Skully preview: Satisfying pinball platforming in a unique clay world

I don’t care how cute your mascot protagonist is or how many collectables your levels are littered with, every good 3D platformer needs a satisfying hook. For Crash Bandicoot it’s his ability to endlessly spin; Banjo could glide thanks to his trusty pal Kazooie; and even Spyro the Dragon eventually learned how to breath different elements. In Skully, though, it’s as simple as having you roam around a tropical island paradise as a clay-fuelled disembodied skull. Weird, I know, but it somehow manages to work.

Perhaps best described as a mixture of Yooka-Laylee (but a bit more polished) and Kula World, it all begins when an innocent skull washes ashore on a mysterious island and is suddenly given a second chance at life after being revived by a humble deity. From here it’s all about guiding yourself around the island’s various platforming challenges which, if my short time playing the game’s first two chapters are anything to go by, offers an incredible amount of freedom, fun and a good sense of pace.

Spaces might look fairly open from the outset, but in actual fact Skully’s paths are quite linear. Knowing where to go is made easy by having you simply follow the trail of flower collectibles, though there is some room to venture off the beaten path and find the odd alternate route. This was one of the elements that first surprised me when previewing Skully; there’s more going on than its initially straightforward-looking areas would have you believe. I know this because, after playing the first brief chapter, my collectible count still was still 50 or so shy of the total amount.

This indicates to me that developer Finish Line Games knows exactly what it’s doing with regards to level design and replayablity. And while it’s nice to be able to roll around levels, hopping and zooming over ridges with as much momentum as possible, Skully appears primed to reward those who also take a more thoughtful approach. What do these collectibles offer you outside of a coveted completionist status? Some really nice concept artwork found in the menu screen, which do well to illustrate how the artists eventually settled on the final designs of locations and characters.

Speaking of which, and it hopefully shouldn’t surprise you to learn that Skully itself is incapable of speech – very much taking after Sir Daniel Fortesque, in this regard. Luckily, it isn’t too long until you meet Terry at the start of the second chapter, who offers up the occasional snappy commentary to your in-game actions and helps offset any long stretches of silence. He’s the deity responsible for your rebirth, seeking your help to end the island squabble occurring between him and his two siblings.

I played my preview build on PC but was careful to take note of Finish Line Games’ advice in using an Xbox One controller. Manoeuvring Skully on the thumb stick always felt totally natural, further helped by the fact surfaces – at least this early on in the game – weren’t too slippery. You quickly learn that water will be your worst enemy in Skully, killing you if you spend too long emerged in a pool or get splashed a lot by a blob enemy. Thankfully sporadically placed clay pools act as your checkpoints and there are plenty to go around.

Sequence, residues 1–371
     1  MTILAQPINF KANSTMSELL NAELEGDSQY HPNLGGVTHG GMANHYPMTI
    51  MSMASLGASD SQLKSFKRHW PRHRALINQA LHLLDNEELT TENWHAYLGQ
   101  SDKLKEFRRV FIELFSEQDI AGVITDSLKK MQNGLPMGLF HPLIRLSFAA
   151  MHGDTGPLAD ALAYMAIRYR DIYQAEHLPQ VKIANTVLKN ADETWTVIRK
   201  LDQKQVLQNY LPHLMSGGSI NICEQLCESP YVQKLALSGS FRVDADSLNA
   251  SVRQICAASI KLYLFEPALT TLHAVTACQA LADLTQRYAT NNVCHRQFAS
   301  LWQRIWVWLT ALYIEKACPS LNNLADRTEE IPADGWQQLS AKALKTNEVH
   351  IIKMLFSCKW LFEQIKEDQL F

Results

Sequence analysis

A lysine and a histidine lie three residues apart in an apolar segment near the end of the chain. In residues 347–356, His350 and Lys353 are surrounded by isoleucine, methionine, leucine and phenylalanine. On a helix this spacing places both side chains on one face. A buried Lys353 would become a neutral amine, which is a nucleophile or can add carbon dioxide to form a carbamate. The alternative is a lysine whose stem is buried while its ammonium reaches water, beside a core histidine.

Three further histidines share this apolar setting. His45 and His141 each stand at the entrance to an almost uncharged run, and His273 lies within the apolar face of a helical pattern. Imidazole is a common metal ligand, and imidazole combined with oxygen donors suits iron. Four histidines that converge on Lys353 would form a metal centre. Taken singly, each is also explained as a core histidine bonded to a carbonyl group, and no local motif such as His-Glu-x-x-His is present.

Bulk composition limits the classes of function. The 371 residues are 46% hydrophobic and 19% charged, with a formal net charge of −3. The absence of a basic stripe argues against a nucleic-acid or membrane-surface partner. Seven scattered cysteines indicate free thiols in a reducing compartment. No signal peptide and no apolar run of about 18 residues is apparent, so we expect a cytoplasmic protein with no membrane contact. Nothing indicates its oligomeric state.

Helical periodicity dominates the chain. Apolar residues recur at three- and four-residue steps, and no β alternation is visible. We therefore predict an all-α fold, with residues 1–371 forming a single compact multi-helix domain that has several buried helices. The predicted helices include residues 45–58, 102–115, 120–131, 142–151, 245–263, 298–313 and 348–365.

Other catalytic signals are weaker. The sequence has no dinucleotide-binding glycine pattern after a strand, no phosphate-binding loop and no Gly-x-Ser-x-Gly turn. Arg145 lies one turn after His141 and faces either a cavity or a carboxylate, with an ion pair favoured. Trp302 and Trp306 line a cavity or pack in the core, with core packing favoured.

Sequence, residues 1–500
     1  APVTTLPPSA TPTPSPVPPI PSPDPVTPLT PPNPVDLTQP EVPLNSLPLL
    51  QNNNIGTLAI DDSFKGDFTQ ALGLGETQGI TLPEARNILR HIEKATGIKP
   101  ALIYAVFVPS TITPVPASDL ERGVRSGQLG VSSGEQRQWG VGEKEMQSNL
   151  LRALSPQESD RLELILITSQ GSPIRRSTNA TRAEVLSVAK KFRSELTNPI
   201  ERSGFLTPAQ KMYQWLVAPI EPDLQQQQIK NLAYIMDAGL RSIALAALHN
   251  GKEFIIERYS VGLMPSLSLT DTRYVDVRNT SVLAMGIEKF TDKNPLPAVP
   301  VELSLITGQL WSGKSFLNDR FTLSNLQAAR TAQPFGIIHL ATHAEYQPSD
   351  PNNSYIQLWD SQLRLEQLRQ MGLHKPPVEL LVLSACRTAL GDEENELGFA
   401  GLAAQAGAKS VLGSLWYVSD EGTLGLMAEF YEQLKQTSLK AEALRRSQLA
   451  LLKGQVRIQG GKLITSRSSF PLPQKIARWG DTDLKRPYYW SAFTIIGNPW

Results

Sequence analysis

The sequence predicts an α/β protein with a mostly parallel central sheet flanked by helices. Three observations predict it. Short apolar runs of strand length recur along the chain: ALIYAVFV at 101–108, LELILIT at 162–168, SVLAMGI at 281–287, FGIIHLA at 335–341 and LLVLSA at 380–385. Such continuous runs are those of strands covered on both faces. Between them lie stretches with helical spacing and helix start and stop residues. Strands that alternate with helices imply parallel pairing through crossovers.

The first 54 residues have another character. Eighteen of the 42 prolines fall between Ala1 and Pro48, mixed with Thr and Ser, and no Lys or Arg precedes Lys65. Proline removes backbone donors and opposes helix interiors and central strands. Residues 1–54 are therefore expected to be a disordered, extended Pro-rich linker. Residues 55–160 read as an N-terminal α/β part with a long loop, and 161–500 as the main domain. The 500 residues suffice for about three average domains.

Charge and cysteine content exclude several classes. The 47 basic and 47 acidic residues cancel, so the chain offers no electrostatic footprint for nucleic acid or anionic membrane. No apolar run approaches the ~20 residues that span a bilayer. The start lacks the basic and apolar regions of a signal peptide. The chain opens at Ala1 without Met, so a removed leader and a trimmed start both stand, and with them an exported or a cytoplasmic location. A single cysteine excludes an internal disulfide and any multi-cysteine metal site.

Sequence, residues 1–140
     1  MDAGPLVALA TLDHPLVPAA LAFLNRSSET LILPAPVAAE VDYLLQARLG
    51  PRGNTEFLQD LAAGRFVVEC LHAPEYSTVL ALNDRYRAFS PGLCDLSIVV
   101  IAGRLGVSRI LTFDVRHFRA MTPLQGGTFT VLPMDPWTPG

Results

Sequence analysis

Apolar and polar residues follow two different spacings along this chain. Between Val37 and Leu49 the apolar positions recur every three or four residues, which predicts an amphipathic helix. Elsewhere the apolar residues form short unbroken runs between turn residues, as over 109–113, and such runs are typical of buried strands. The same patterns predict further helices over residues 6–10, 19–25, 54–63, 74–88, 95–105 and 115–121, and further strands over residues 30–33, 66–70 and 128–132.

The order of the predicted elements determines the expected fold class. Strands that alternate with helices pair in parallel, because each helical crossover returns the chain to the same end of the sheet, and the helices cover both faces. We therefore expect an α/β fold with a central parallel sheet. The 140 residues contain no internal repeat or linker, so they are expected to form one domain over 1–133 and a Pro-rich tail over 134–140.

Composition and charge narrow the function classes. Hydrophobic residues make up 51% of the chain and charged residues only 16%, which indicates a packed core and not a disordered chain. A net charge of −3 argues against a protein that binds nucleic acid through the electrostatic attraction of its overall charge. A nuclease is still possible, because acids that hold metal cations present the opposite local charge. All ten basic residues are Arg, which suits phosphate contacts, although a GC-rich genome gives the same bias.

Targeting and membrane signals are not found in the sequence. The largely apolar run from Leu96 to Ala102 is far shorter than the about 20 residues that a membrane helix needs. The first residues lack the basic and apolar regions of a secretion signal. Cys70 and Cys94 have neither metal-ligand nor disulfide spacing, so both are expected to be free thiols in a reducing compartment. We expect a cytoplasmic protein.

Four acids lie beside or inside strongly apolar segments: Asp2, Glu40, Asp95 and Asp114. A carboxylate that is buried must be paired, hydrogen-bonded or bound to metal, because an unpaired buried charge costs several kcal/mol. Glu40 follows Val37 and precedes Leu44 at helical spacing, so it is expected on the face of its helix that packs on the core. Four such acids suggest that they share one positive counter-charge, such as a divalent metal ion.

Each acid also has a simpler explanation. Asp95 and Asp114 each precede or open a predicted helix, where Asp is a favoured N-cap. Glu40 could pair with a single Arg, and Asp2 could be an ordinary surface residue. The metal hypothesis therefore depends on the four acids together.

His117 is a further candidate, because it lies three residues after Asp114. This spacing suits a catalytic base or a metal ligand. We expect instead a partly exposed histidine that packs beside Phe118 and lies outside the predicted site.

Hopping and rolling my way through this beautiful sun-kissed island as a skull would have been enough to give this 3D platformer a certain edge, but the fun doesn’t stop there. Midway through the second chapter I was surprised to learn that Skully had another ace up its sleeve in the form of transformations. You see, while the aforementioned clay pools serve as your checkpoints and let you restore health, they also eventually grant you the ability to become a golem.

This helps shake up the pace of Skully greatly, as no longer can you ping your way from ridge to ravine at the rate of a speeding bullet, instead having to use this bulk to punch down bridges standing in your way or unleash an devastating groundwave attack to decimate enemies. You can vacate any golem you summon at any time, luckily, sometimes needing this ability to shoot up into the air to reach some particularly tricky collectables.

Finish Line Games has been open about this being just one of three forms set to appear in the final game, which is exciting and makes me curious about the other kinds of environmental puzzles that could potentially feature. It’s in instances like this where Skully flitters with the idea of being more open-ended than it actually is. And while it isn’t strictly a Metroidvania, already it’s clear that playing as the golem is crucial for hoovering up every collectible and opening up alternate routes.

The only knock I can give Skully at this stage is that both chapters I played didn’t offer a lot of visual variety. Rolling around on a cliff edge as the sun starts to set and is reflected in the ocean looks utterly stunning, yes, but after a while some sections I moved through felt a tad repetitive. However, that being said, I’m sure there will be a broad range of eclectic environments to explore when the finished product is released. This is a video game after all.

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In my short time with it, Skully really surprised me. The game doesn’t look to be doing anything particularly revolutionary for the 3D platforming genre per se, but its skull-rolling hook and satisfying sense of momentum helps bring a freshness that should make this oddly serene trip navigating a remote island standout.

Skully officially releases on PC, PS4, Xbox One and Nintendo Switch on August 4th

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